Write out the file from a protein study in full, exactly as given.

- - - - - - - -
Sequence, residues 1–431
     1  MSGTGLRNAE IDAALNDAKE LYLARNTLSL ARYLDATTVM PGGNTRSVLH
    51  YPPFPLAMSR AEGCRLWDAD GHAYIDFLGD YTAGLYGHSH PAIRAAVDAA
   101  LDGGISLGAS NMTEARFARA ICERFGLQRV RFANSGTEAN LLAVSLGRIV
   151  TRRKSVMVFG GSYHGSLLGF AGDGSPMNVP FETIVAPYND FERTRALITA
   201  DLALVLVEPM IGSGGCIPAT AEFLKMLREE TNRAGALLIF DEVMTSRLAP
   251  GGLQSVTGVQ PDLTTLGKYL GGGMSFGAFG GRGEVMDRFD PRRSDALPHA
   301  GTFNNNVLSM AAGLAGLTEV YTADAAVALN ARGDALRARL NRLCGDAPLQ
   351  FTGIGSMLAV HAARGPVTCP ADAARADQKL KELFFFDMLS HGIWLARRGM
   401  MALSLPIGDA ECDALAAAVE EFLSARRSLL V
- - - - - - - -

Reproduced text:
Sequence, residues 1–431
     1  MSGTGLRNAE IDAALNDAKE LYLARNTLSL ARYLDATTVM PGGNTRSVLH
    51  YPPFPLAMSR AEGCRLWDAD GHAYIDFLGD YTAGLYGHSH PAIRAAVDAA
   101  LDGGISLGAS NMTEARFARA ICERFGLQRV RFANSGTEAN LLAVSLGRIV
   151  TRRKSVMVFG GSYHGSLLGF AGDGSPMNVP FETIVAPYND FERTRALITA
   201  DLALVLVEPM IGSGGCIPAT AEFLKMLREE TNRAGALLIF DEVMTSRLAP
   251  GGLQSVTGVQ PDLTTLGKYL GGGMSFGAFG GRGEVMDRFD PRRSDALPHA
   301  GTFNNNVLSM AAGLAGLTEV YTADAAVALN ARGDALRARL NRLCGDAPLQ
   351  FTGIGSMLAV HAARGPVTCP ADAARADQKL KELFFFDMLS HGIWLARRGM
   401  MALSLPIGDA ECDALAAAVE EFLSARRSLL V